Use of Media
Vincent Mosco is Queen’s Canada Research Chair in Communication and Society, and is the author of five books and editor or coeditor of eight books on the media, telecommunications, computers and information technology. His most recent book is The Digital Sublime: Myth, Power, and Cyberspace (MIT Press, 2004).
Political Studies/Internet Studies PhD candidate, Tamara Small researches the functions of political party websites in Canada – and has noticed the parties are making extensive use of their email lists regarding Gomery inquiry issues. Recent research projects include Cyber-Campaign 2000, The Function of the Internet in Canadian Electoral Politics.
School of Policy Studies Professor, Kathy Brock, can comment on party strategy. Her first area of expertise is Canadian politics and government. She leads the development of the School's new teaching and research activities in "Public Policy and the Third Sector."
She is the author of Executive Federalism: Beggar Thy Neighbour?” New Trends in Canadian Federalism (Broadview Press, 2003).
Queen’s Political Studies professor Jonathon Rose is an expert in political advertising. He teaches and researches in the area of Canadian politics and political communication. He is the author of Making Pictures in our Heads: Government Advertising in Canada (New York: Pareger 2000).
Rise of the Left
Queen’s historian Ian McKay has wide evidence that the left in Canada is flourishing and multi-dimensional and says, “the next left will be a movement of movements, and any part that seeks to speak for or to it will respect its diversity, its impatience and its vision. After two long decades of neo-liberal rule, it's beginning to feel like 1968 all over again.”
Professor McKay is the author of the newly released Rebels, Reds, Radicals: Rethinking Canada’s Left History (Between the Lines, Toronto).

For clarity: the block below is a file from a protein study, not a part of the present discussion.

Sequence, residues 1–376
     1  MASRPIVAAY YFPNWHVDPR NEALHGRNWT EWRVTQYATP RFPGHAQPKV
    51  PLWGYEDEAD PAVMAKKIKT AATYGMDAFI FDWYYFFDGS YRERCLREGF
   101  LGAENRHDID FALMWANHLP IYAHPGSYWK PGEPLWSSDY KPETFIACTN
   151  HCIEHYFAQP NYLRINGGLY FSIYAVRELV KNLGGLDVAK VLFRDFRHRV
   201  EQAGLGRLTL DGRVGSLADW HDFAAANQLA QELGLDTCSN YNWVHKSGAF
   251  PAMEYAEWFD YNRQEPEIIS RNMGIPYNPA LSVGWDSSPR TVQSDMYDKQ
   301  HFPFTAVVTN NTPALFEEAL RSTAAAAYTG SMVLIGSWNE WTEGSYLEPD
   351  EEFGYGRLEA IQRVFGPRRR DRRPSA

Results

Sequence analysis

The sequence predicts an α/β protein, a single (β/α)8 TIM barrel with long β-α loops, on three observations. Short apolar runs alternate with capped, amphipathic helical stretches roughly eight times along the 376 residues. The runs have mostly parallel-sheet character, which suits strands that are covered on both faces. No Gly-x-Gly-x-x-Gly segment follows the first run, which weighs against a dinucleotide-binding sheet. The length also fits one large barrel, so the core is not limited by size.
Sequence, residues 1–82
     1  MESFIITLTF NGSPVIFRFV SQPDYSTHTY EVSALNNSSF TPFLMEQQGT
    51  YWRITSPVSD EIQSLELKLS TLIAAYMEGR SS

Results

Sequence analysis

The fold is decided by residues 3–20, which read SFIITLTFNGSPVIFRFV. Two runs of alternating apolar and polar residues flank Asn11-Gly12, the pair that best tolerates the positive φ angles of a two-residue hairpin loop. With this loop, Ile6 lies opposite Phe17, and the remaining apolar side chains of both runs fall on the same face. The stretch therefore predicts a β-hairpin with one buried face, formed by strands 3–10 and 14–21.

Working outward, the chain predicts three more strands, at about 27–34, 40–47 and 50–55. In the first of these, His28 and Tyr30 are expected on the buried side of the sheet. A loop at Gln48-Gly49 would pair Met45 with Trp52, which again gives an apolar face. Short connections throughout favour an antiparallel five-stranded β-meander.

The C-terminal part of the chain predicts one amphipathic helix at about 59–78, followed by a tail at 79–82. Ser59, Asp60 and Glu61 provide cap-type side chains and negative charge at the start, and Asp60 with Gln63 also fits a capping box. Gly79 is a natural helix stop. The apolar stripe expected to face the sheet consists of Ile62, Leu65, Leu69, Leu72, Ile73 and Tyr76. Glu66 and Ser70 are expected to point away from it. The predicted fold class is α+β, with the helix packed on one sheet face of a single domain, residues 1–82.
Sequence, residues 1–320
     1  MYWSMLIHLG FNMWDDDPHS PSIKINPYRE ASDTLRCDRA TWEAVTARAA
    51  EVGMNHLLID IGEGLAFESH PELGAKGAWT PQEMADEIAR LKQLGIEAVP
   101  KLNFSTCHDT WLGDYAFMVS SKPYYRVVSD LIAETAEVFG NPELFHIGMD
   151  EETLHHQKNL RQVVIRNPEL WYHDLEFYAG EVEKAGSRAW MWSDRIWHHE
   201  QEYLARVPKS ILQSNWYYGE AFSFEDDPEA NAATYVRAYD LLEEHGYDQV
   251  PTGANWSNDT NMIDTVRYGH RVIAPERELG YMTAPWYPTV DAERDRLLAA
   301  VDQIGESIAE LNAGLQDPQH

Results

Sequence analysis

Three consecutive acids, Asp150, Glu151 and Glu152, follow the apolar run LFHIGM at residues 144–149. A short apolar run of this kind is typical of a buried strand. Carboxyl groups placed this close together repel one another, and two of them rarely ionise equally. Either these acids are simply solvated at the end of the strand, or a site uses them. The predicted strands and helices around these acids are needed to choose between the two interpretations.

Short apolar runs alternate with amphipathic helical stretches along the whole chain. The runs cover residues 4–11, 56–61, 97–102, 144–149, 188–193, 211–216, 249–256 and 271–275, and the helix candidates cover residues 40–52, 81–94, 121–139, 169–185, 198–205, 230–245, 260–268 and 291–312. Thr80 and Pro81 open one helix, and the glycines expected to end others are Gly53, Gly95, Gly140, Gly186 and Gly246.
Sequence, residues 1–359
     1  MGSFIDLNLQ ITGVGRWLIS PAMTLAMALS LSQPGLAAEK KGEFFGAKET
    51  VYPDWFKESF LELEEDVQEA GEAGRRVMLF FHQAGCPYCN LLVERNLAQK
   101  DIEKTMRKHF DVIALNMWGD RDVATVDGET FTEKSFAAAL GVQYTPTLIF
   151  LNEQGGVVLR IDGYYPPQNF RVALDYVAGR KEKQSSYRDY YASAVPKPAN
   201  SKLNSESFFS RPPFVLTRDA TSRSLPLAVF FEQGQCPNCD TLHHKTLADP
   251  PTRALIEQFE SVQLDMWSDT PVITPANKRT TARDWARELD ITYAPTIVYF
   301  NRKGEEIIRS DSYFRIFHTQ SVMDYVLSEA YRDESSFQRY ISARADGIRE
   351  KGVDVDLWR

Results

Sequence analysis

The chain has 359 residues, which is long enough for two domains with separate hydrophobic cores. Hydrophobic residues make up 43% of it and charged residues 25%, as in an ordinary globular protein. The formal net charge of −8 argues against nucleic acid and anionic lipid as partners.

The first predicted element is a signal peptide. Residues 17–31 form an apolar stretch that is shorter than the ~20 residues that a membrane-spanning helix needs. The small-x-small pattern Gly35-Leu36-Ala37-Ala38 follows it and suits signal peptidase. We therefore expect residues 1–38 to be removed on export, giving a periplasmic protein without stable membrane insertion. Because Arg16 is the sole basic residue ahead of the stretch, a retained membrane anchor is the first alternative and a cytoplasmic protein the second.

Role of Quebec
John McGarry says, "A federal government without Quebec representatives would be very dangerous for the unity of the state. And we're likely to get that whichever party wins the election." Dr. McGarry is a political studies professor and Queen’s Canada Research Chair in Nationalism and Democracy. His research interests also include power-sharing (Consociationalism); federalism; regional autonomy; secession; globalization and minority nationalism.
North American Relations
Queen’s School of Policy Study’s Robert Wolfe can speak to North American integration issues. He is an expert in WTO, trade policy – including issues surrounding mad cow disease – foreign affairs, and Canada-U.S. relations. He is the author of "Where’s the Beef? Law, Institutions and the Canada-U.S. Border,"(August 2004).
Queen’s Political Studies Professor David Haglund is an expert on transatlantic, and Canadian/American security policy. A Director of the Queen’s Centre for International Relations for 15 years, he now teaches U.S. foreign policy at Queen’s.
His is the author of Over Here and Over There: Canada-US Defence Cooperation in an Era of Interoperability (2001).
Arthur Sweetman, Director of Queen’s School of Policy Studies, focuses on economic issues related to social policy including health policy, education, immigration, poverty, unemployment insurance (employment insurance), program evaluation and microfinance. He is the author of "Poverty Dynamics: Empirical Evidence for Canada"(with Ross Finnie) Canadian Journal of Economics, 36(3): 291-325.
“If you care about the environment don’t vote Tory,” says Anita Krajnc, expert in peace and conflict studies. She notes that though Stephen Harper now says he would not pull out of Kyoto, he would effectively do so by not implementing the plan. She can comment on how Canada’s environmental groups view the environmental stances of the various political parties.
Kranjnc is the first Policy Studies Skelton-Clark Postdoctoral Fellow. She is working on a book, Adapting Social Movement Strategies, which explains major changes in social movement strategies in response to changes in the domestic and international environments. Her doctoral thesis was entitled "Green Learning: The Role of Scientists and the Environmental Movement."
Kim Nossal, head of Political Studies at Queen’s, researches Canadian foreign and defence policy, and Canadian-American relations and can offer general commentary on these subjects. His other research interests include: humanitarian intervention in Canadian foreign policy; and the effects of international sanctions on particular countries, economies, and groups
Amongst his most recent publications is Diplomatic Departures: The Conservative Era in Canadian Foreign Policy, 1984-93 (Vancouver: UBC Press, 2001).
For more information, or to arrange an interview, please contact Sarah Withrow 613.533.3280 or Therese Greenwood 613.533.6907, Communications Officers, News and Media Services.
Queen's can provide broadcast qualiy audio and video feeds. For television interviews, we provid a live, real-time double-ender to anywhere in Canada from Kingston.